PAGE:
On Friday, the FDA's Vaccines and Related Biological Products Advisory Committee (VRBPAC) met to discuss approving COVID-19 booster vaccines for the general population. Unexpectedly, the committee voted against this proposal. The committee argued that there was a lack of long-term data to justify the use of the booster doses and that the risks outweigh the supposed benefits.
During the meeting's public comment session, numerous experts came forward explaining that the data did not support the request from big pharmaceutical company Pfizer for its vaccine to be approved for use as a booster.
Kim Witczak, a consumer representative of the FDA, called out big pharma companies for pushing booster doses.
"While boosters may be good for business, mRNA vaccines were never designed to stop transmission or eradicate the virus," said Witczak.
Witczak added that the government should focus on recognizing natural immunity when it came to vaccine mandates. It should also be wary of the potential of the COVID-19 vaccines to produce resistant variants, she added.
Other health experts pointed out that many people have filed reports regarding adverse effects with the Vaccine Adverse Event Reporting System (VAERS), a program for cataloging reports of vaccine side effects co-managed by the FDA and the Centers for Disease Control and Prevention.
One health expert, Dr. Jessica Rose, a viral immunologist and virologist, pointed out that there are signs in VAERS that strongly suggest the probability of an adverse effect after getting vaccinated is very high.
"Safety and efficacy are the cornerstones of the development and administration of biological products meant for human use," said Rose.
During the session, Rose pointed out that from 2011 to 2020, VAERS received a total of 392,184 reports regarding vaccine-related adverse effects. In 2021 alone, VAERS received 521,667 reports, and this number is expected to continue rising before the year ends.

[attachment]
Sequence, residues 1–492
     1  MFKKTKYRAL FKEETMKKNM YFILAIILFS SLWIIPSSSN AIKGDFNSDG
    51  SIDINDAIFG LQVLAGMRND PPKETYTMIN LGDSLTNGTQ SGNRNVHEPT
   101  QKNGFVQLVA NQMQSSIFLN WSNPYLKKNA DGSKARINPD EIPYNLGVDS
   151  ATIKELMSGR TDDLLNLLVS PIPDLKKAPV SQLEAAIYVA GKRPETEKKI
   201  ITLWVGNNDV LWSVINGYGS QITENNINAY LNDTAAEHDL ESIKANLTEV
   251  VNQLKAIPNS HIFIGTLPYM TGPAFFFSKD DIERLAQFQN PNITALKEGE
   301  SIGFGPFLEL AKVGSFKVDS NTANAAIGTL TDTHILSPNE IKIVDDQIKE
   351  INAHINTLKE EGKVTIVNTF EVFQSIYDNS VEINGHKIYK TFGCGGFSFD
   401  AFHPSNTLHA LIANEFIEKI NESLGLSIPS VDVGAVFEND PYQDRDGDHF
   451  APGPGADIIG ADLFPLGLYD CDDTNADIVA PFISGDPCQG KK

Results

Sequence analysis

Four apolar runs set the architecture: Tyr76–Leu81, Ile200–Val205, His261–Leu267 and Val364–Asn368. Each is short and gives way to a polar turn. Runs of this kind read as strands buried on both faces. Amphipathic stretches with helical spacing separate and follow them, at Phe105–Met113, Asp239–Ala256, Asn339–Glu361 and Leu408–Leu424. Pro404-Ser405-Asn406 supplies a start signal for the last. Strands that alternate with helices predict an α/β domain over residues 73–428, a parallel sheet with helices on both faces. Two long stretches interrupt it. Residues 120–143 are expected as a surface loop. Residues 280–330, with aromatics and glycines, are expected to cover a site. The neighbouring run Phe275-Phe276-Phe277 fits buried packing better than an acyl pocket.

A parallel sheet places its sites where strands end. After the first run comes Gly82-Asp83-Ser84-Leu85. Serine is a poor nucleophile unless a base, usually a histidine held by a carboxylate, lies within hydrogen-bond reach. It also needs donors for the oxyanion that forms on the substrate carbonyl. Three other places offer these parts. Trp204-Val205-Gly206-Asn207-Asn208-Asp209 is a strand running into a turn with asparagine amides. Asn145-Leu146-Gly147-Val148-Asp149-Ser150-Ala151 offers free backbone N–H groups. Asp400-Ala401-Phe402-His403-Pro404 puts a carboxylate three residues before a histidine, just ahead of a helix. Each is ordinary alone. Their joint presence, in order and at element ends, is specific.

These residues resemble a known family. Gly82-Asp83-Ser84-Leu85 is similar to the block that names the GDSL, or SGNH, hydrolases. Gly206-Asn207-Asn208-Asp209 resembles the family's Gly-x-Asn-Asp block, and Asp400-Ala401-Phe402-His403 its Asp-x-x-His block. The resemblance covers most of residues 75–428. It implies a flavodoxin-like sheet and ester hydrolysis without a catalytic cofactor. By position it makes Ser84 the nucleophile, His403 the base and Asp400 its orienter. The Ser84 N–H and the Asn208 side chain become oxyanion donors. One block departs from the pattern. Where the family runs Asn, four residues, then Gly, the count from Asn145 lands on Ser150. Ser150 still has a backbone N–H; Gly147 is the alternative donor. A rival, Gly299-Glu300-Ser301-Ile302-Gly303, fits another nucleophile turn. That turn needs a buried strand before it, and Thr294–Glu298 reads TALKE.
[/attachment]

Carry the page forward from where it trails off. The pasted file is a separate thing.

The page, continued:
"There's an over 1,000 percent increase in the total number of adverse events for 2021, and we are not done with 2021," said Rose. "This is highly anomalous on both fronts."
Dr. Joseph Fraiman, an emergency medicine doctor from New Orleans, revealed that there is no clinical evidence disproving the claims that COVID-19 vaccines are harming more people than they save.
"We, the medical establishment, cannot call out anti-COVID vaccine activists who publicly claim the vaccine harms more than they save, especially in the young and healthy," said Fraiman. "The fact that we do not have the clinical evidence to say these activists are wrong should terrify us all."
Fraiman said he wanted to help reduce vaccine hesitancy, but to do that, COVID-19 vaccines needed to go through large clinical trials that will prove that vaccines reduce hospitalizations without causing serious harm.
"I know many think the vaccine-hesitant are dumb or just misinformed, that's not at all what I've seen," said Fraiman. "In fact, typically, independent of education level, the vaccine-hesitant I've met in the ER are more familiar with vaccine studies and more aware of their COVID risks than the vaccinated."
Despite the objections from many health experts, including those in VRBPAC, National Institutes of Health Director Dr. Francis Collins still believes the approval of COVID-19 vaccine boosters will push through. He even said he would be "surprised" if they are not approved for distribution to the general populace within the next few weeks.
In an interview on Fox News, Collins was asked if he thought the booster doses would be necessary for everyone.
"I'm not sure about absolutely everyone. We'll have to see what they say ultimately about the youngest individuals because of concerns about benefits and risks," said Collins. "But, I will be surprised if boosters are not recommended for people under 65 going forward in the next few weeks. But we'll see." (Related: IT'S A SUBSCRIPTION: Fauci says government on track to administer COVID-19 booster doses every eight months.)
The FDA has already recommended giving booster doses of the Pfizer vaccine to Americans over the age of 65 and to those most vulnerable to exposure to COVID-19, such as healthcare workers and teachers.
Learn more about the government's plan to push through more COVID-19 vaccine doses despite the science telling it that it is not advisable by reading the latest articles at Vaccines.news.